Affinity cards are a special kind of credit card which are linked into the cardholder’s lifestyle in some way, offering benefits of a more personalized nature than the typically available 0% balance transfer offers and the like. Examples of affinity programs are charity credit cards, where a donation is made to a particular charitable organisation whenever the card is used, or a travel rewards card which lets you build up points which you can redeem against a hotel chain or airline which you use frequently.
A further type of affinity card is becoming more and more popular: the sports team affinity card, aimed at supporters of a particular football team or other sporting club.
The most obvious difference between a sports card and a normal one is in the actual appearance of the card, which will generally feature the logo or badge of the team chosen. This in itself is a desirable feature for many fans, as it’s a very visible declaration of your allegiance to your team, and is sure to attract comment from other fans.
Perhaps the most important aspect of sports affinity cards is a financial one, however. In much the same way as charity credit cards work, a sports card lets you contribute to the financial wellbeing of your team with no direct cost to yourself. A small percentage of everything you spend will be donated by the card issuer to the team linked to the card account, and while this may amount to only a small sum in the case of individual cardholders, the money involved can mount up quickly if thousands or tens of thousands of people regularly use the card.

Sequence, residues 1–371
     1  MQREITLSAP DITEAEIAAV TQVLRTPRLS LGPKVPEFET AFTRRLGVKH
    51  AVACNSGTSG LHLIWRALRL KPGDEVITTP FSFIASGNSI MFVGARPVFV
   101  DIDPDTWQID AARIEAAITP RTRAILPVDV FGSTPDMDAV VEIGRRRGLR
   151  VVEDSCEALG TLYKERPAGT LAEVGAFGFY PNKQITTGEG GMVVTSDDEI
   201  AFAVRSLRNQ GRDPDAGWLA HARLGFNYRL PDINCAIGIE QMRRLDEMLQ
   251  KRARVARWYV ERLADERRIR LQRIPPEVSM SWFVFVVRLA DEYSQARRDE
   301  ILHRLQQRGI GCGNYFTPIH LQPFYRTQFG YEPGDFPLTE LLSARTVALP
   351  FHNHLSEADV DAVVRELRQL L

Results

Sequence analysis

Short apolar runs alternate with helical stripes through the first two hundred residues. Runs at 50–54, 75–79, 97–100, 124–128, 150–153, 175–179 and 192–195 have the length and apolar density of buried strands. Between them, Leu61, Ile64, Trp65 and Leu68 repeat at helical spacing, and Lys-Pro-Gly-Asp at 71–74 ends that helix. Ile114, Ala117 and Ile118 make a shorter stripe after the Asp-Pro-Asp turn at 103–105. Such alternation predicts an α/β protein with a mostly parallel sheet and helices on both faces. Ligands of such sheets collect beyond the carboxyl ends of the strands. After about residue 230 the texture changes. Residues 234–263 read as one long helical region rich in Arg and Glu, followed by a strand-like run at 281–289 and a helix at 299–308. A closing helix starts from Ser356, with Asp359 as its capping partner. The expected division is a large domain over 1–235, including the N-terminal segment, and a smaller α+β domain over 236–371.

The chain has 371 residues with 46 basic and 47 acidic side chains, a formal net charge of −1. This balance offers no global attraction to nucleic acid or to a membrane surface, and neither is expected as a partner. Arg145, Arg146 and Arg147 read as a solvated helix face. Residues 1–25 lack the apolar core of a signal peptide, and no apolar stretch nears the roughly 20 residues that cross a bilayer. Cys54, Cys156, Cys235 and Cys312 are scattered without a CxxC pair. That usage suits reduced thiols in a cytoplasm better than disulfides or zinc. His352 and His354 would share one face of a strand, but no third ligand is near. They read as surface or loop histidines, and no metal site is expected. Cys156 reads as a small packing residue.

In many cases, the money raised by starting a sports affinity card program will be used by the team involved to fund the longterm health of the club, often by investing in youth academies and development. This means that by using the card for regular spending, you’re helping to secure the success of your team well into the future.
Not only can your card use benefit your team, it can also feature attractive personal benefits such as discounts on club merchandise, a rewards scheme where you can build up points to offset against the costs of buying tickets, or even priority access to big games, depending on the specific card involved.
So, are there any downsides? Like all credit cards that offer some sort of tempting carrot to entice people to apply, the benefits offered need to be paid for somehow, and this is usually in the form of a higher standard APR or interest rate. It’s unlikely that you’ll find an affinity card of any variety listed in the ‘best value’ or ‘lowest APR’ tables. If you use your card for borrowing rather than simply as a convenient payment method, the sports-related benefits may well be overshadowed by the increased costs of the card.
Having said that, unless you’re planning to carry a substantial balance on your card from month to month, the headline interest rate is perhaps not as important to you as the fact that your card will be showing your support for your team both visibly and financially.
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